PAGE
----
History of North Slope Historic District Park
Originally purchased by Tacoma City Light in 1951 for use as a 'Distribution Yard,' this Substation remained in active service until 1983. When the method of power distribution changed, the transformers were disconnected and later removed.
Local residents noted Tacoma Power had a vacant lot and wondered whether it could become a 'Pocket Park' instead of another huge apartment complex. The North End Neighborhood Council eventually secured the funds from the Thea Foss Bond Issue given to each neighborhood council and in April 2001 the City of Tacoma became the owner of the property.
Through an agreement with the City, Metro Parks Tacoma designed, developed, and now maintains this park which had its opening ceremony June 8, 2002. Neighborhood volunteers maintain the beds and plants. The small park contains a wooden piece of play equipment for small children, seating, and a handicapped ramp. The design and equipment in the park were approved by the Landmarks Commission.
The park is dedicated to Valerie Sivinski, former Tacoma Historic Preservation Officer, who provided guidance for the creation of the North Slope Historic District.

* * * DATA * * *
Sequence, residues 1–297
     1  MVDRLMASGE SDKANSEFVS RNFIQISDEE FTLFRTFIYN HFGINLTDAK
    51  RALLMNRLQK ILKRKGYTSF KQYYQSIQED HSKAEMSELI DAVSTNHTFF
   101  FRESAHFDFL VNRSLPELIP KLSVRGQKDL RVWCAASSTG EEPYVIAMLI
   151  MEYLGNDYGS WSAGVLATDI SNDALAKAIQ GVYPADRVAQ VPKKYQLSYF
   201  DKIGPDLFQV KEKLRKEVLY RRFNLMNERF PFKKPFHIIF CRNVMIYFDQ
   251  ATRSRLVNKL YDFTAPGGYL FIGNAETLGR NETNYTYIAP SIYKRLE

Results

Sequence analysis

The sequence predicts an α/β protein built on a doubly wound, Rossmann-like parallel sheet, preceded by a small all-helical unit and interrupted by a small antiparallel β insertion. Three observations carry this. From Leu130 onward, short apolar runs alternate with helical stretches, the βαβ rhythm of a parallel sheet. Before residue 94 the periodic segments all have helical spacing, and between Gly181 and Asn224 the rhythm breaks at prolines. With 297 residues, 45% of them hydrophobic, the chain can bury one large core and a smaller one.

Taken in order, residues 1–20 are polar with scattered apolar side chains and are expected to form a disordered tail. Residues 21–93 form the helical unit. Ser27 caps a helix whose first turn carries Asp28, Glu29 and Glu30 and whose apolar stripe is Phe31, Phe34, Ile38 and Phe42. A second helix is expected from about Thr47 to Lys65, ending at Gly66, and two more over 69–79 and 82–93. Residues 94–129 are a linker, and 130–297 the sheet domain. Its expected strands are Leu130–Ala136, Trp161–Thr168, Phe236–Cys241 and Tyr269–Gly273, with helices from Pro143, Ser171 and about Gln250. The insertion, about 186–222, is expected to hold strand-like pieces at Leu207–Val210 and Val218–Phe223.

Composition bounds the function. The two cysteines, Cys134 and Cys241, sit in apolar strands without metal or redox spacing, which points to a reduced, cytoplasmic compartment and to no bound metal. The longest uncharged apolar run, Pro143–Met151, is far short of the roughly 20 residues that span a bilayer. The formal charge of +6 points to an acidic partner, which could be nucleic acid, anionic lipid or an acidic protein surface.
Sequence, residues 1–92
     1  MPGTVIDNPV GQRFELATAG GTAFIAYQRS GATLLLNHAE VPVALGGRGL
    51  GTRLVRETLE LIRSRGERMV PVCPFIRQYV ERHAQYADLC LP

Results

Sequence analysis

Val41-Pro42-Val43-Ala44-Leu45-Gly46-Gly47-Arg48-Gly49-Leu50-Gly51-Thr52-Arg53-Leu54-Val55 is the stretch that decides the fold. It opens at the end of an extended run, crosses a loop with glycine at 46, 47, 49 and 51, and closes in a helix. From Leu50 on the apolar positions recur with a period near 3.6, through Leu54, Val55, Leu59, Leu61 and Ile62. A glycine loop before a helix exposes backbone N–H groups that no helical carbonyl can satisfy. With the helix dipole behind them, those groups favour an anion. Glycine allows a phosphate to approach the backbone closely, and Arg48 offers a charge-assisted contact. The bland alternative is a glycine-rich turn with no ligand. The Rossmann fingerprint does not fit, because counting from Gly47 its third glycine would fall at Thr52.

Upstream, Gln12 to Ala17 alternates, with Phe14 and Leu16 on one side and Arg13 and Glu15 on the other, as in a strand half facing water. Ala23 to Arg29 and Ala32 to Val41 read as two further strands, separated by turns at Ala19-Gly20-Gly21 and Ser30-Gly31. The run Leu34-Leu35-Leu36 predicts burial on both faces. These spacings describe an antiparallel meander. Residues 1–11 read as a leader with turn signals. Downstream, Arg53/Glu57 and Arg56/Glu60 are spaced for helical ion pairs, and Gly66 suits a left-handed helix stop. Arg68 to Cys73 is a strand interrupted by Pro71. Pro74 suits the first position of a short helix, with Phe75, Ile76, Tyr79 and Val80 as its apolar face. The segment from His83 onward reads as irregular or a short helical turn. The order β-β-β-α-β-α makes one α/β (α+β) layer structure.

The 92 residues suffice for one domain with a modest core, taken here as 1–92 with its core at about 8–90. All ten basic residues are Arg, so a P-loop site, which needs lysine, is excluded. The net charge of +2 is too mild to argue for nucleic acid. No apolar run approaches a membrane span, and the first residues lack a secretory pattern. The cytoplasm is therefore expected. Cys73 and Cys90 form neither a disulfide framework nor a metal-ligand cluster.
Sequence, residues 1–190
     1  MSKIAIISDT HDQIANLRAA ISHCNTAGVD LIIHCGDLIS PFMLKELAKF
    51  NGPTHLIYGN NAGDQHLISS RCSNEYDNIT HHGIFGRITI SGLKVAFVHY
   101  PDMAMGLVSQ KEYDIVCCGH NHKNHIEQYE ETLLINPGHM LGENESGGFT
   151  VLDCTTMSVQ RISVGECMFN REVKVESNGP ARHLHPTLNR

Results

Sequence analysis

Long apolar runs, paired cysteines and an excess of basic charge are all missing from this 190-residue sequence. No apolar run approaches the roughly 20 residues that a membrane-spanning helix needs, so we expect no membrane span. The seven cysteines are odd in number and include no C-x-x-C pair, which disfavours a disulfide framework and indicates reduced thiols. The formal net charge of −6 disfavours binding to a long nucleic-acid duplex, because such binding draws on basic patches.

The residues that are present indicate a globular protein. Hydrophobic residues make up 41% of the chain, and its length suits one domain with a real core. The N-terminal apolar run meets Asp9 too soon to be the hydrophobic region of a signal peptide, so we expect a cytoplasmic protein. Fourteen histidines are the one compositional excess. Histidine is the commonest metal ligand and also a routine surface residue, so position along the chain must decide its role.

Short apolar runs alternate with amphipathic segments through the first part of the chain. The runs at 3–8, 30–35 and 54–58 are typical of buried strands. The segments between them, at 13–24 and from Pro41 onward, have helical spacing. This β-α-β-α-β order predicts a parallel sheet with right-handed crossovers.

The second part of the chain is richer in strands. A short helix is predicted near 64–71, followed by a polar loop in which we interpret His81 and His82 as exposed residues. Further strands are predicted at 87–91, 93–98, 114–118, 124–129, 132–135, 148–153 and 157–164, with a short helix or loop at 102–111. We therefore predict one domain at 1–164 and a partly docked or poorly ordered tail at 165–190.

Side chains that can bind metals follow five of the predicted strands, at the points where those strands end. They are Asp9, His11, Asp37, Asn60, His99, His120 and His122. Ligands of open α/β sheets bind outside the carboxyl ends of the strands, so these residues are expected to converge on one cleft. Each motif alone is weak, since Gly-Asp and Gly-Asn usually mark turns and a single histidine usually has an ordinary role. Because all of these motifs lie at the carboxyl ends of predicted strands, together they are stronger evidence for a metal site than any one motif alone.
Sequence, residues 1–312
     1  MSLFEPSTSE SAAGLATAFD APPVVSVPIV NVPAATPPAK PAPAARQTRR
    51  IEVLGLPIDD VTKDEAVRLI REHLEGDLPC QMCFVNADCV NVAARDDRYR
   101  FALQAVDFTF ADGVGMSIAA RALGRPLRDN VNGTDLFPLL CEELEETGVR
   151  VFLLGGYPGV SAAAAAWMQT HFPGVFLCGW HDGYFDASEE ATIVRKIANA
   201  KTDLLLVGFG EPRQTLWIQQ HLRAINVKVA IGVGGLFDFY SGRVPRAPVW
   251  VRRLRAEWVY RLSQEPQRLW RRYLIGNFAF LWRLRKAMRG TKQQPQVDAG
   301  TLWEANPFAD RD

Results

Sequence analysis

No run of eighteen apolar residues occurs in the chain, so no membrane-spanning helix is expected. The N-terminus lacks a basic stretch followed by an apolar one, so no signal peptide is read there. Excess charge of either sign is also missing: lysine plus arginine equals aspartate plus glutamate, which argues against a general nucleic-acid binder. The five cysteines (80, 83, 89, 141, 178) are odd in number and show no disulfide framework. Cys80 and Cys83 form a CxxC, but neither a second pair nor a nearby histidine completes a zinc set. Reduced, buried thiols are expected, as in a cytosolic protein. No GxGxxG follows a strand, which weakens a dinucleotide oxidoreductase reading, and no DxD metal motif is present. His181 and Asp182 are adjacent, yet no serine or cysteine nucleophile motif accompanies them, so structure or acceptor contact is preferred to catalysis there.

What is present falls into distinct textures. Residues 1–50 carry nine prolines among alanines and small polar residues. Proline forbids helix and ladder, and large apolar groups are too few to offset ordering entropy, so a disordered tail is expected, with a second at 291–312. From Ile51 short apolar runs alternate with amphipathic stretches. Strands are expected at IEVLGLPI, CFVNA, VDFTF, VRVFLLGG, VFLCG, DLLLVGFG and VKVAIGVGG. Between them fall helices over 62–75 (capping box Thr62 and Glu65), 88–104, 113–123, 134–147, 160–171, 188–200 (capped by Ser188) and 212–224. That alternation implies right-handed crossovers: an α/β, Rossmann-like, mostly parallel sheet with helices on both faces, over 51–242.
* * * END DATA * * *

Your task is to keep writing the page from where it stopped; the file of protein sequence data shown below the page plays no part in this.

The North Slope Historic District includes more than 950 structures which are on the Register of Tacoma Historic Places. It's Tacoma's only residential historic district and one of the largest residential historic districts in the nation.
The buildings of the North Slope represent the homes of some of Tacoma's earliest citizens, with houses constructed from the 1880s to the 1940s. The district contains examples of local 'domestic' architecture, including Victorian, Craftsman Bungalow, Queen Anne Victorian, Four-square, and many variations of popular styles.
The neighborhood was settled by many of the people who did the real work of building Tacoma - merchants, retailers, clerks, shipbuilders, fishermen - as well as a variety of prominent politicians and financiers. Because the area was settled and built up sporadically due to 'boom and bus' times, there is an unusual variety of building styles and ages.
- Jay and Julie Turner, of the NSHD, contributed to this article.